From 1746 onward after midwives were kicked out of their traditional roles more than 50% of mothers who gave in in Paris hospitals died. The best read on this problem comes from Dr. Ignaz Semmelweis in his book, Etiology, Concept and Prophylaxis

Dr Semmelweis held many different staff positions and where he worked because of his hygiene practices the death of mothers after childbirth dropped. Because of consensus within the medical profession the statistics were ignored and ridiculed.

“Another example, from Britain, was the widespread use of chloroform and forceps by general practitioners in uncomplicated deliveries between 1870 and the 1940s. This was described by one observer as a tendency a “little short of murder” and accounted for many unnecessary deaths. “Irvine Loudon, “Maternal Mortality in the Past and Its Relevance to Developing Countries Today,”American Journal of Clinical Nutrition, vol. 72, suppl. 1, July 2000, pp. 241S–246S.”

Most doctors ignored hygiene articles and data until the 1940s when antibiotics were introduced. After the invention of antibiotics, puerperal fever took a nosedive. Semmelweis and Breisky’s records proved that doctors could have prevented most of the deaths caused by allopathic doctors if they had only washed their hands.

The impact on the population because of allopathic arrogance can be looked at this way, one fifth of the population were women of childbearing age and over 30% died after childbirth from Puerperal Fever. Couple this with everything else the poor had to deal with, both parents having to work, unskilled childcare, poor housing and food, no clean water or waste disposal systems and an unsafe work environment, the poor population of the West was being destroyed. Remember things hadn’t changed much for the poor less than a hundred years ago!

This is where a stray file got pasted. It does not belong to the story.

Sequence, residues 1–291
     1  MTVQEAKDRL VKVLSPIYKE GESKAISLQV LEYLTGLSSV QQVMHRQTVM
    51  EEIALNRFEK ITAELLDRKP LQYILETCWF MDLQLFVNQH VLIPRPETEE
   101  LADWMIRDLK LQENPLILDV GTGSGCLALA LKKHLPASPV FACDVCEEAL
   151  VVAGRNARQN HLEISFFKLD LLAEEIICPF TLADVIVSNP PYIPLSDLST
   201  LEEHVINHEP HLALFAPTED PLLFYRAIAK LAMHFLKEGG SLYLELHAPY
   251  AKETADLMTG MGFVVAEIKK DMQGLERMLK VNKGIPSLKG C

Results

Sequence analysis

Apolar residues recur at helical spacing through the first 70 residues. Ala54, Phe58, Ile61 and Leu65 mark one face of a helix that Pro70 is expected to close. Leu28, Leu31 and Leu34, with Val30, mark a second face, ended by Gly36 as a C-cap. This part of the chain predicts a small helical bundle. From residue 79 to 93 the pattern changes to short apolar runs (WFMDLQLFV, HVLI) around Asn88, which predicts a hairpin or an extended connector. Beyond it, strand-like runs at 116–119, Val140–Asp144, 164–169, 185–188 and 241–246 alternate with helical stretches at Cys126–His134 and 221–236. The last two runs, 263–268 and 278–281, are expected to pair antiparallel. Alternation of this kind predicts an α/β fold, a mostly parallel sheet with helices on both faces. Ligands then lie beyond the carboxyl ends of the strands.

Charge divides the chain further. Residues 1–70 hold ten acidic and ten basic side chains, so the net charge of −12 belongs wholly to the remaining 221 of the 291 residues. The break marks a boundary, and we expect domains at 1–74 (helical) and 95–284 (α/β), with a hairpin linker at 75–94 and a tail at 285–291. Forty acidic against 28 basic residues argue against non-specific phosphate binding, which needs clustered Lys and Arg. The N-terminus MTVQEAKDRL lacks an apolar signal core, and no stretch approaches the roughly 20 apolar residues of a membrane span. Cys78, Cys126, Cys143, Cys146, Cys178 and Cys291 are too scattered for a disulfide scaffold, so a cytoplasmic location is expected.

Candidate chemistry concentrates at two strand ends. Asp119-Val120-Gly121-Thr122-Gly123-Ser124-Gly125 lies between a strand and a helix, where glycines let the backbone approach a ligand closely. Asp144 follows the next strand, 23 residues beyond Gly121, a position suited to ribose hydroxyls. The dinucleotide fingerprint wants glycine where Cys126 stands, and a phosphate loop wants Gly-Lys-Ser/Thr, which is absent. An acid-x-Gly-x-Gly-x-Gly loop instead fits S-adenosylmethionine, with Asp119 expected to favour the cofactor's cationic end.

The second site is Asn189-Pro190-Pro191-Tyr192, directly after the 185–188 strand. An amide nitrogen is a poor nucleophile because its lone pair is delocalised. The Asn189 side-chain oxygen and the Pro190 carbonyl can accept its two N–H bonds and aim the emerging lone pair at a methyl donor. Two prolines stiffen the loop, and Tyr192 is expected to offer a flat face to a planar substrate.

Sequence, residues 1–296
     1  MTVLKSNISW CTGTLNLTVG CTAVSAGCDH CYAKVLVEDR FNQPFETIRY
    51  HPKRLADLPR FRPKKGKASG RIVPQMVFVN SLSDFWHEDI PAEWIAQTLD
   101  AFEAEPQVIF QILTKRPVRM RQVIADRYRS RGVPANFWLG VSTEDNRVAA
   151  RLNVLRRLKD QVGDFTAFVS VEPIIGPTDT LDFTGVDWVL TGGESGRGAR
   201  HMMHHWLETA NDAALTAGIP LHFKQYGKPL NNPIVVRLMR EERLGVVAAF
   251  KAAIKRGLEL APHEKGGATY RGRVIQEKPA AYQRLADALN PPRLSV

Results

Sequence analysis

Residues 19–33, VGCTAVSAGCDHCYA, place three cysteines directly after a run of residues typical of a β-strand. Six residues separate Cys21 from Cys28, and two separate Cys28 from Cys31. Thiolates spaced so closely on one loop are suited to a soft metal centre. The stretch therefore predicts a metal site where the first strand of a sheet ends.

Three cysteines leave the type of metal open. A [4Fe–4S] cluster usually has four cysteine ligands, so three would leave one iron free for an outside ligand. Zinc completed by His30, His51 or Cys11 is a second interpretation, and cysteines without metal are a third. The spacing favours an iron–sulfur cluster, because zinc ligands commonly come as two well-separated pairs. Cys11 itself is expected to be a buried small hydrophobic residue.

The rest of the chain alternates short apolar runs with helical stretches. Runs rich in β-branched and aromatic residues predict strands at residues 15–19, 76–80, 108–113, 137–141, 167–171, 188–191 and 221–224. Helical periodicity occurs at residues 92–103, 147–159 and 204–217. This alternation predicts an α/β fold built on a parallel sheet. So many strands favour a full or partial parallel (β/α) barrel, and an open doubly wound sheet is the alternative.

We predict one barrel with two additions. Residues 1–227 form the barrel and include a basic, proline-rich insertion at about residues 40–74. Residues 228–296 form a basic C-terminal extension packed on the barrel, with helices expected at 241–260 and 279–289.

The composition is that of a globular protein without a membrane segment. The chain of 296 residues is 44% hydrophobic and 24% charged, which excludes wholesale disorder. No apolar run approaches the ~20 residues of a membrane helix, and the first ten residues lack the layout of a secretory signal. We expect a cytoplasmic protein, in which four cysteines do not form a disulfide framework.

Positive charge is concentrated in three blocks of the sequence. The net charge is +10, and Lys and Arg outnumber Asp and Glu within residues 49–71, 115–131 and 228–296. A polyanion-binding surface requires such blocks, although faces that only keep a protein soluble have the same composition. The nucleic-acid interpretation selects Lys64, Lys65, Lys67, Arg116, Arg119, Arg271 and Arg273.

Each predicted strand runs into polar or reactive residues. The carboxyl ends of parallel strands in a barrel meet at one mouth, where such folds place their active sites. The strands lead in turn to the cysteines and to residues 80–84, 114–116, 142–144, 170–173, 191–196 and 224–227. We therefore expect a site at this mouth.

Infants whose mothers died after giving birth had four times higher risk of dying, mostly from infectious diseases. It is well known that breast milk protects children from diseases and infections. This is not mentioned by the vaccine propaganda machine, which never mentions the millions of lives that could of been saved if doctors had washed their hands.

Millions of motherless children died, lived a malnourished life of disease, forced to work in mines, factories, and sweatshops.

If infants could have been loved and breastfed by their mothers, older children had someone at home to care and teach them the proper way to live as we have always done through our old traditional ways, the misery of the 1700s to the 1900s could of been avoided. Our medical professionals today point to vaccines reduced the diseases we suffered from in the past but avoid all the suffering their arrogance caused and leave out all the other causes of reduced death from infectious diseases.

After I started ordering history books from my library I found hundreds of allopathic doctors who did stand up, speaking out against bad science and harmful practices throughout modern medicine’s history. They were shunned and ignored. Many ended up in prison, losing everything they had worked for including their medical license. Even today when professionals and concerned citizens speak up about nutrition and hygiene preventing disease they are shunned by their medical community, many suffer the loss of business and reputation. Some end up in jail, their practices labeled as quackery.

“Preventable medical error is well documented all throughout the world and is the third leading cause of death in the United States (225,000 deaths per year*), with similar numbers wherever the same medical paradigms are implemented. Yet every time an unvaccinated person enters their office, zealously pro-vaccine doctors arrogantly overlook the truth that a person’s risk of dying or being maimed from accepted medical practice they offer, is far, far higher than any possible death or maiming from a supposedly vaccine-preventable disease. *Barbara Starfield, MD, MPH, “Is US Health Really the Best in the World?” Journal of the American Medical Association, vol. 284, no. 4, July 26, 2000, pp. 483–485.